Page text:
Intro. MT ST TEI Ethics TPT Corr. Index PrevPg NextPg

Metaphysical Thoughts: Part 1, Chapter 2.
What should be understood by the terms [Being of] Essence, Existence, Idea and Power.

    In order that it may be known what content to give to these four terms, it is necessary that we should understand clearly what may be said of uncreated substance, or God. Namely:

All created things are eminently contained in God.
    1. That God eminently contains all that is formally contained in created things, that is, God has certain attributes in which these created things are more eminently contained than in the things themselves. (Vid. Pt. 1. Ax. 8, and Coroll. 1. Prop. 12). For example, we can clearly conceive of extension without existing objects, and thus, since it has no power of existence in itself, we have shown that it was created by God (Prop. 21, Pt. 1.). And, since there must be as much perfection in the cause as there is in the effect, it follows that God contains all the perfection of existence. But since we find later that extended matter is divisible, that is, that it contains a mark of imperfection, we cannot, therefore, attribute extension to God. We are thus compelled to admit that God has some attribute more excellent than all the perfection of matter and thus contains (Schol. Prop. 9, Pt. 1.) what the defects of matter cannot supply.

    2. God understands Himself and all other objects; that is, He holds all things objectively, in Himself (Pt. 1. Prop. 9).

    3. God is the first cause of all things, and works from an absolute freedom of will.

What should be understood by [the being of] essence, existence, idea and power.
    From these things it is evident what we must understand by these four terms. In the first place Essence in nothing else than that mode by which created objects are comprehended in the attributes of God; an idea is Idea so far as all things are objectively contained in the idea of God; Power is so called in respect to the power of God, by which, by an absolute freedom of will He was able to create everything that exists; finally, existence is the essence of things apart from God, and, considered in itself alone, is attributed to things after they have been created by God.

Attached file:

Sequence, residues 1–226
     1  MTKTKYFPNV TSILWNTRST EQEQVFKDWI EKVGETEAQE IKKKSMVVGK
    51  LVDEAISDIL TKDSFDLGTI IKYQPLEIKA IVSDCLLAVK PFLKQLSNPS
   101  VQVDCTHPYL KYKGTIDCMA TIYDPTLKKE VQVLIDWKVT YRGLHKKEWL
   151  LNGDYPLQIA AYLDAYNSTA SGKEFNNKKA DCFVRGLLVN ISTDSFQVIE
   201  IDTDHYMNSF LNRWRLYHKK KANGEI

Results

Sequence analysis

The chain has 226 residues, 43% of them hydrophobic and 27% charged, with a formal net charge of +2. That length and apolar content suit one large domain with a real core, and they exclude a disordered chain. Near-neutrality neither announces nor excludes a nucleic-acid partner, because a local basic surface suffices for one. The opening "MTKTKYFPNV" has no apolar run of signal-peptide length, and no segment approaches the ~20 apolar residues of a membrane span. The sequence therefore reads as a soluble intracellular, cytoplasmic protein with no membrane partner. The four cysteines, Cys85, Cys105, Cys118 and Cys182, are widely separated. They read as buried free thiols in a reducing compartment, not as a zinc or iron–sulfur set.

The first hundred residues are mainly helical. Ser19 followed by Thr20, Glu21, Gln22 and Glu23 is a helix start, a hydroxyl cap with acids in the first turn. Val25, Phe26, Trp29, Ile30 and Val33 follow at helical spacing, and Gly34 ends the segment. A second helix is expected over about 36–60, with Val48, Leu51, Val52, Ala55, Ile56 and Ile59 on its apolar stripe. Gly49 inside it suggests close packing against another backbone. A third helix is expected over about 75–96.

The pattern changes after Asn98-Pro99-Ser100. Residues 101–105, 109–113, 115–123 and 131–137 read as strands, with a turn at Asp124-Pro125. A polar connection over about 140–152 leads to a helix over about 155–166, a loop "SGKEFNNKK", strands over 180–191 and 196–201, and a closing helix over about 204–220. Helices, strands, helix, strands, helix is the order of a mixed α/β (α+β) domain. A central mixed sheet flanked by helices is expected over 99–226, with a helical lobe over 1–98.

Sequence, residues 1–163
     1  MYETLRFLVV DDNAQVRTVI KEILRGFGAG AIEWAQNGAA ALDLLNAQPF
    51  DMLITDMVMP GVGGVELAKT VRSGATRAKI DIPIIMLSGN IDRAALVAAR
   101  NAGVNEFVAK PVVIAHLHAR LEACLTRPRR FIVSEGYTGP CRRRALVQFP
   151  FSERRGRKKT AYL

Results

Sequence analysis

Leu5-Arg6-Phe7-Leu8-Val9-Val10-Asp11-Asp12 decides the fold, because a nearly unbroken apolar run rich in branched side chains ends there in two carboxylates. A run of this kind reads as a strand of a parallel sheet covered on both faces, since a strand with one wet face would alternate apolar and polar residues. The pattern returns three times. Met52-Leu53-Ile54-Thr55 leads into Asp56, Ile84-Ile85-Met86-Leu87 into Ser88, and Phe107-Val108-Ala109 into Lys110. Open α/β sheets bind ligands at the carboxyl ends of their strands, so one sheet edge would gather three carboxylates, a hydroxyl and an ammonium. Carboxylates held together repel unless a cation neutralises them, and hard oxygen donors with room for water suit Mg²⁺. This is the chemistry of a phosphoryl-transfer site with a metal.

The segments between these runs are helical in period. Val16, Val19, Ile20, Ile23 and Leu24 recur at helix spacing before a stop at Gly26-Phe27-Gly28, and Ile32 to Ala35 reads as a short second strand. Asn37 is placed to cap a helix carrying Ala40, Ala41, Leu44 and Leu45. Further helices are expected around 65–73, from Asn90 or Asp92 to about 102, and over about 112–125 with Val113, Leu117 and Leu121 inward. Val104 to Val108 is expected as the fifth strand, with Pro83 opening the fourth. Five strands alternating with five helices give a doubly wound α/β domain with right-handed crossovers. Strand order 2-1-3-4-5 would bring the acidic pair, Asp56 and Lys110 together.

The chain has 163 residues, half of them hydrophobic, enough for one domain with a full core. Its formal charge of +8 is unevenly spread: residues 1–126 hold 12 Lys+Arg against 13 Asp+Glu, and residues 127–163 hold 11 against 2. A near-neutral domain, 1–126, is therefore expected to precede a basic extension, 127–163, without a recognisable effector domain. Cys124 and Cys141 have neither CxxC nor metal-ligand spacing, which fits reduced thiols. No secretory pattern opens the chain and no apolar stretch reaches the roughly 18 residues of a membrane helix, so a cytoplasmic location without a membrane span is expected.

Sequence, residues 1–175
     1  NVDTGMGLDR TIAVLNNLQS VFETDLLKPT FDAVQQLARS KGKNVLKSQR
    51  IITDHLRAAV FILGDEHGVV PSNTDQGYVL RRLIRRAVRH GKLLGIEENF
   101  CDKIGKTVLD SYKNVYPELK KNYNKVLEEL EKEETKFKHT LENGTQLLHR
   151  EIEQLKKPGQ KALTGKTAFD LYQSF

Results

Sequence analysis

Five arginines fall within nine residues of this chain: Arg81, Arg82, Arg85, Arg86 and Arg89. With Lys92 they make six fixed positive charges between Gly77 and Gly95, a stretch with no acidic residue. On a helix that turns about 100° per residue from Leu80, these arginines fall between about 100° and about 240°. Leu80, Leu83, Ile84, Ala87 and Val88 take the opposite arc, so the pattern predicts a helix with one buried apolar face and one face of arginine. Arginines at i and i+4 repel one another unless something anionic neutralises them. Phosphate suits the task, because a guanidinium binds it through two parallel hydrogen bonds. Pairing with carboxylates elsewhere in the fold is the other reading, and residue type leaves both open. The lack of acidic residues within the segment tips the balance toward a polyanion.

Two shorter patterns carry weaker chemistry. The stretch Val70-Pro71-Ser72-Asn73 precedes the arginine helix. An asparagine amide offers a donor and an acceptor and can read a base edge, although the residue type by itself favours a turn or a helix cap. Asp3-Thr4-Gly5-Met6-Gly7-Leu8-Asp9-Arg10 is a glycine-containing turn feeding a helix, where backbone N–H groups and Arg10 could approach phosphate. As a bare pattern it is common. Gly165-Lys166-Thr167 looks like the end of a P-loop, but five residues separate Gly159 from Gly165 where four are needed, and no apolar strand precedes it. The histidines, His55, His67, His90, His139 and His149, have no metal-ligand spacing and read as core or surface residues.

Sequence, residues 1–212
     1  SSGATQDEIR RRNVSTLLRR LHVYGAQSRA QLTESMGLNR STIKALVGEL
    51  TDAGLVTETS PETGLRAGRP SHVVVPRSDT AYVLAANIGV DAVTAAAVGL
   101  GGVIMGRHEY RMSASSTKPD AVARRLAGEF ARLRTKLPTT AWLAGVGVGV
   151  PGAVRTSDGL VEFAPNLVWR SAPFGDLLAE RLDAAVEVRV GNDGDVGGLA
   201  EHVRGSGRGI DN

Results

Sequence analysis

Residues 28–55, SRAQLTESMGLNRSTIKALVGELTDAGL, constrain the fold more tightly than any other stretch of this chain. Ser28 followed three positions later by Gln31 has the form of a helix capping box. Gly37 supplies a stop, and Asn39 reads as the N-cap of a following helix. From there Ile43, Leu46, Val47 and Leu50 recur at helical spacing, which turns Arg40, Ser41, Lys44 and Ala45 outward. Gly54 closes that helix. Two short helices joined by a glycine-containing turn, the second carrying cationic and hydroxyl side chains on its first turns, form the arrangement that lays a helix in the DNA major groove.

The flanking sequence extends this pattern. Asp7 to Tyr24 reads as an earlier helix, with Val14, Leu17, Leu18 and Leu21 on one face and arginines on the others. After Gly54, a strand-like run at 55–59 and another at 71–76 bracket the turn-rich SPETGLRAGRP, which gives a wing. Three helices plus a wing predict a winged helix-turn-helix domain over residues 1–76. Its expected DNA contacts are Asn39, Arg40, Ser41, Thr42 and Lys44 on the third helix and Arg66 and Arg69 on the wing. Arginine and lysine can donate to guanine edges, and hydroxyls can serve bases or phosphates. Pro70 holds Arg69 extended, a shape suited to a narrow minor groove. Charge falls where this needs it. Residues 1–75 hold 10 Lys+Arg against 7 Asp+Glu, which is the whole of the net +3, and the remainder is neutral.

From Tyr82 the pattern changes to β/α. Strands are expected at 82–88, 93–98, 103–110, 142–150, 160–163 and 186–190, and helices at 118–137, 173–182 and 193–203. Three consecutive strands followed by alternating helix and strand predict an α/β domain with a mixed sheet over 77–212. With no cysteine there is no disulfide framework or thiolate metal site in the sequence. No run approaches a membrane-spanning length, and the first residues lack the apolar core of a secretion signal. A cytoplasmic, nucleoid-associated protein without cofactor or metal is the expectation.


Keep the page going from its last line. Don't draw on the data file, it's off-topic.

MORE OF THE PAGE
These four terms are not distinguished the one from the other except in created objects.
    From this it is evident that these four terms are not to be distinguished except in created objects; in God, in no way can they be differentiated. For we cannot conceive that God is in the power of another, and His existence, and His understanding are not to be separated from His essence.

A reply to certain questions concerning God's Essence.
    From what has been said we can readily reply to certain which have been asked. Such, for example, are the following: Whether essence is different from existence; and if different, is it something diverse from idea; and if different from idea, does it comprehend something extra-mental; which last follows from necessity. To the first in regard to distinction we would reply, that essence in God is not different from existence, indeed the one cannot be conceived without the other. In other things essence differs from existence, for the one may be conceived without the other. To the second point we respond, that things which can be clearly and distinctly conceived as extra-mental are something different from idea. But then it is asked, whether that which is extra-mental exists in itself alone, or whether it has been created by God. To this we reply, that formal essence does not exist by its own power, nor even when created. These two conditions presuppose that the object exists in fact; but they depend upon the divine essence alone, in which all things are contained. So far we would assent to the opinion of those who affirm that the essence of things is eternal. Again it may be asked, How can we understand the essence of things, when nature is not yet known; for all things, as we have just said, depend upon the nature of God. To this I reply that it is possible from the fact that things are now actually created. For if things were not yet created I would concede that it would be impossible until we had an adequate knowledge of God's nature. In the same way it is impossible, indeed more impossible then for us to know the orderly nature of the applications of a parabola whose nature is not yet known.

Why the author in his definition of essence refers to the attributes of God.
    Although the essence of non-existing modes is comprehended in the substance of these modes, and their real essence is these substances, nevertheless we desire to refer them to God in order to explain the essence of modes and of substances in general terms, and because the essence of modes was not in substance prior to creation and we are seeking for an eternal essence.

Why the definitions of others are not examined.
    I do not think it worth while to refute those authors who think differently from us, or even to examine their definitions or descriptions of essence and existence; this would only make what is clear more obscure. What, indeed, is better known than the meaning of essence or existence? How can we give a definition of anything which does not at the same time explain its essence?

How the distinction between essence and existence can easily be seen.
    Finally, if any philosopher is yet in doubt whether essence and existence are distinguishable in created objects, he need not take much trouble to remove that doubt. For if he will merely approach some statue or object of wood, he will see how he conceives of the object not yet existing in a certain manner, and how he knows that it is really existing.
Intro. MT ST TEI Ethics TPT Corr. Index PrevPg NextPg
Slack padding.